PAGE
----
Hiding under the hood is the 264ci “Nailhead” V8 engine, which produces 188hp. As befits the requirements for the Buick’s role as a Pace Car, the transmission is a 2-speed Dynaflow. Power steering is also included to help with maneuvering the Buick on and off the tight confines of the track. Since it ended its Pace Car days, the Buick hasn’t been allowed to completely go to seed. The owner says that the car runs, but he doesn’t indicate how well it drives. The fact that the mileage is so low is a real bonus, and if the car has been properly maintained, the major mechanical components should remain in quite good condition.

This Buick Special Convertible seems to prove that old adage that you should never judge a book by its cover. I mean, it is going to need some work to return it to its former glory, but the car’s condition is better than its appearance might lead us to believe. Once restored, this would be a truly stunning car. The owner also floats the idea of getting the car roadworthy and leaving its external appearance pretty much as it is. Which way would you go?

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Comments

  1. normadesmond

    Too bad I can’t upload the photo of my aunt & grandparents standing with the exact same car in the same colors. I recall sliding back & forth on the slippery red leather (and it WAS leather, not vinyl) back seat. It was easy to slip around, I was under 5 years old.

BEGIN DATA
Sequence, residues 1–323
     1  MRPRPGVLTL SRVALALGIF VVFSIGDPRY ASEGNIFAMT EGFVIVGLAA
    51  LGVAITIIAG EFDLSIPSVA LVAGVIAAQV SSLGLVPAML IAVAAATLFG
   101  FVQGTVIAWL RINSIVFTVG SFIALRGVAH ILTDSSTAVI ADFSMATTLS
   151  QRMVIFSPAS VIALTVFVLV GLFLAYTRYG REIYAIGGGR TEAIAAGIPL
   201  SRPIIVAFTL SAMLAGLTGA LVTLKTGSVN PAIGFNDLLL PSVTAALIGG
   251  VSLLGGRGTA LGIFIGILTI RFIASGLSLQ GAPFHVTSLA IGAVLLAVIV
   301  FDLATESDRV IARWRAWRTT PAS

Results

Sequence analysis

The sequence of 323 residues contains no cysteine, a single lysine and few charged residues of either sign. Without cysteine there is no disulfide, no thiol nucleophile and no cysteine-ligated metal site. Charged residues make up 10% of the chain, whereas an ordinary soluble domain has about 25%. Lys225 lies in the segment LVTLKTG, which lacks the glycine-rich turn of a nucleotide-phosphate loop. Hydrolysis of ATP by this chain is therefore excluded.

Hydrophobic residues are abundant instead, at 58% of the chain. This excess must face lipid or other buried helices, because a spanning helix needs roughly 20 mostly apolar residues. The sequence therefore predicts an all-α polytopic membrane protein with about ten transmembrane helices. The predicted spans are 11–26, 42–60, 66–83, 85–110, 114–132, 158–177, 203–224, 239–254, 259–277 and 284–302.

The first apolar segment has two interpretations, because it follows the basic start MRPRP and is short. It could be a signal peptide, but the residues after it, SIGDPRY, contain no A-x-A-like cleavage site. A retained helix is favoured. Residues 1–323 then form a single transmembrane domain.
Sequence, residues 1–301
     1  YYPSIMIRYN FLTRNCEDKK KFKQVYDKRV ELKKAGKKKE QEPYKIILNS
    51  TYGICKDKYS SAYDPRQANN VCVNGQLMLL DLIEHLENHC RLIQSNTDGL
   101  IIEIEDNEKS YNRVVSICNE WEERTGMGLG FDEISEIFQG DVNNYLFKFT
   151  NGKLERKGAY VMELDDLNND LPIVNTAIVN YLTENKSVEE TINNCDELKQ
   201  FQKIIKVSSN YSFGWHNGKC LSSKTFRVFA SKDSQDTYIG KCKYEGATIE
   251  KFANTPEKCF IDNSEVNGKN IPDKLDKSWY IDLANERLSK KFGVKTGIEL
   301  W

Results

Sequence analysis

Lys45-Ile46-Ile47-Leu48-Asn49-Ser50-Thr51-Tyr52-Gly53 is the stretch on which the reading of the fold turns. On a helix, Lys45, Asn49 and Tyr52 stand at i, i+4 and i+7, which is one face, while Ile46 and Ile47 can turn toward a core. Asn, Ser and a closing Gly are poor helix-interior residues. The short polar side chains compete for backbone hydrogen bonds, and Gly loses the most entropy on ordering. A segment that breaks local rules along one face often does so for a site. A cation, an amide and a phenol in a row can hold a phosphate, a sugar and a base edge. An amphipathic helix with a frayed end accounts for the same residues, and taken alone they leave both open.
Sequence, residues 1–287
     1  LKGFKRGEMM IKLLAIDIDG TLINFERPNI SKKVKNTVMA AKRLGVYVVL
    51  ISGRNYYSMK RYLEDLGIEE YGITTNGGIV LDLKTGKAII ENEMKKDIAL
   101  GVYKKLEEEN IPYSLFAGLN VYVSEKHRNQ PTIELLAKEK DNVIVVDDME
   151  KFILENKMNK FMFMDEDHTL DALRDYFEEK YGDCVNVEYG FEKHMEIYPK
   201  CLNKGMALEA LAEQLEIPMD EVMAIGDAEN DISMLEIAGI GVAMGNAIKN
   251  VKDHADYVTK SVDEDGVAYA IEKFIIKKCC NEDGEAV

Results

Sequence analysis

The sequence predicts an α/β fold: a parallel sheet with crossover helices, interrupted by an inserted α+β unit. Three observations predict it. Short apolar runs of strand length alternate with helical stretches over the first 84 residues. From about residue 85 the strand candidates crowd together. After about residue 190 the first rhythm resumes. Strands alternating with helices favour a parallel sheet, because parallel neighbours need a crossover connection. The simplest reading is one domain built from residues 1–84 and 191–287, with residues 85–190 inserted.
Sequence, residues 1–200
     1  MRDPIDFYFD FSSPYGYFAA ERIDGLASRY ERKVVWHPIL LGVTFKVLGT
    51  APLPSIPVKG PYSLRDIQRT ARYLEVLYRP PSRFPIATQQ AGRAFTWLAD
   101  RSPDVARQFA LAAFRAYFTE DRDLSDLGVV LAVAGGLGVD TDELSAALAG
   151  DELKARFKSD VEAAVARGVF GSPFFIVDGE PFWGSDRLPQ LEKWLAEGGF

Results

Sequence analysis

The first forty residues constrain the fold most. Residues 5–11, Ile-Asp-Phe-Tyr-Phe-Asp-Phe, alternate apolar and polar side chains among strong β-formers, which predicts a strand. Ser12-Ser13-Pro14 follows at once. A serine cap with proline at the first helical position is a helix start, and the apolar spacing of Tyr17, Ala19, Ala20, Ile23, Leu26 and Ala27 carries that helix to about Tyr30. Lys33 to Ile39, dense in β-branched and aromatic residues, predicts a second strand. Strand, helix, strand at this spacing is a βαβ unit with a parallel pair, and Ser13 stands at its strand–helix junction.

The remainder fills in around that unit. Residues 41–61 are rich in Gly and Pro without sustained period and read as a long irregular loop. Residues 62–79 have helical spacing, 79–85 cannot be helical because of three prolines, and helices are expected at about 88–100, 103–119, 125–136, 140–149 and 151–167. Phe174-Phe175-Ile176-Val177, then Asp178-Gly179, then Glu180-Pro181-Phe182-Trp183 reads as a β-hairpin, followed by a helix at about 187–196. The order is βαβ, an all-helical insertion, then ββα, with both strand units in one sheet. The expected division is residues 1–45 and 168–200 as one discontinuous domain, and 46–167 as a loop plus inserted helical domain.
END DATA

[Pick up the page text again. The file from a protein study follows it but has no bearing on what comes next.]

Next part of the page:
Like 16
    • Big Drag

      Yeah, except the “exact same car” would have had a blue interior according to the pictures!

  2. David Rhoces

    it’ll need at least 40 g’s to restore ….not worth it !

    Like 7
    • Rodney

      I was looking at the photos and wondering how far one would get with 40K and realized that you HAVE to love doing the work to even pretend that this makes sense financially. It’s hard to even imagine 40 grand making this a decent driver which is a shame because it is such a class car.

      Like 9
  3. Miguel

    I think we can all agree that the numbers on the dash don’t make one bit of difference on this car regarding price.

    Like 18
    • James Studdard

      Is this car still available

  4. Miguel

    Take a look at the dash. That is why I dislike convertibles very much.

    Like 5
  5. sal

    Love the car but way too much work and lots of $$$$$$

    Like 2
  6. Andrew Franks